An etching is a print using acid to make recessed lines in a printing plate
Etching became the printing process most attractive to artists from the mid 19th century, as it allowed dramatic contrasts between delicate and heavy lines, and had the spontaneity of sketching. The most famous artist to use it was Rembrandt.
Etching is related to engraving and aquatinting. The print maker uses acid to make recessed marks in metal printing plates:
- An etching begins with a copper plate which is heated then covered with a thin layer of wax.
- Once cooled the wax is impervious to acid.
- The artist then draws on the surface with a sharp tool called a burin, cutting through the wax to expose the copper.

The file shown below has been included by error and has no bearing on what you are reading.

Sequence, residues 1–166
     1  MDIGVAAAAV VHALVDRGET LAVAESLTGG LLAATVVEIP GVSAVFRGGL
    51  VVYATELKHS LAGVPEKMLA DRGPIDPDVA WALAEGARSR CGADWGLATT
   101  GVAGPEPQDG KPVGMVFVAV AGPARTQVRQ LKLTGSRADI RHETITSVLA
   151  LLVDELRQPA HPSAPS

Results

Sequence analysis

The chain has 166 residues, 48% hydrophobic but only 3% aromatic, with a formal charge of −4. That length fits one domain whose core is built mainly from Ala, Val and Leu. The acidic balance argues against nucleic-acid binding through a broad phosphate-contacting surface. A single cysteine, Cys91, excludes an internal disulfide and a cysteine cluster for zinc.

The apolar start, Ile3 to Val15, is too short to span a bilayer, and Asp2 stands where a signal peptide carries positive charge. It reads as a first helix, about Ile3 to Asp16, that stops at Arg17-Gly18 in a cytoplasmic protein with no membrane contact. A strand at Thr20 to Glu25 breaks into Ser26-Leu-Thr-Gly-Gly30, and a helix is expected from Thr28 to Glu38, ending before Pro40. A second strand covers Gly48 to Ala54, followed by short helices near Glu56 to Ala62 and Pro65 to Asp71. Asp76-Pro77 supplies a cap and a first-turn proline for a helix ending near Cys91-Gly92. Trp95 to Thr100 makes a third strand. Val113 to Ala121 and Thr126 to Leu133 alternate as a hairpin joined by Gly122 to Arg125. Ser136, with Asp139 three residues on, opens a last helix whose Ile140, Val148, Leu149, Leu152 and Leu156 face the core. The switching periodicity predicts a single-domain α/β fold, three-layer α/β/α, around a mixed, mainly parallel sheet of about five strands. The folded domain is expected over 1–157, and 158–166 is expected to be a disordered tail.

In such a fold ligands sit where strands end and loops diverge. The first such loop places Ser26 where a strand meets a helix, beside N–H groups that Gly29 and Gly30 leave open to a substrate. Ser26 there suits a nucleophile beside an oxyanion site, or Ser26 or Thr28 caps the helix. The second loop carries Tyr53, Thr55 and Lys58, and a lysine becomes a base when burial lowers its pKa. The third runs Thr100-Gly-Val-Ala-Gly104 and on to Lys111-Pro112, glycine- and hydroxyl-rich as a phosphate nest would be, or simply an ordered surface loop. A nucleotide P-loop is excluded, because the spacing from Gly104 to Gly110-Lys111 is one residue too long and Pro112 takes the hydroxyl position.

- The plate is dipped in acid and the longer it is left the wider and deeper the etched lines become.
- This means they will print more darkly and more thickly.
- The simplest way to keep some lines lighter or thinner is for the artist to recoat the etched lines with wax, then draw the other areas of the image.
Compared to engraving, etching allows the artist to draw quite quickly and freely and this means the images they create can have a sketchier feel.
Famous artists to use etching include Cruickshank in his caricatures , Rembrandt and Samuel Howitt's beautifully detailed etchings of animals from 1823:
To have a closer look at examples of etchings, click on the Related Products at the bottom of this page.
If you have an antique print that you'd like to know more about read about our antique print valuation and appraisal service here.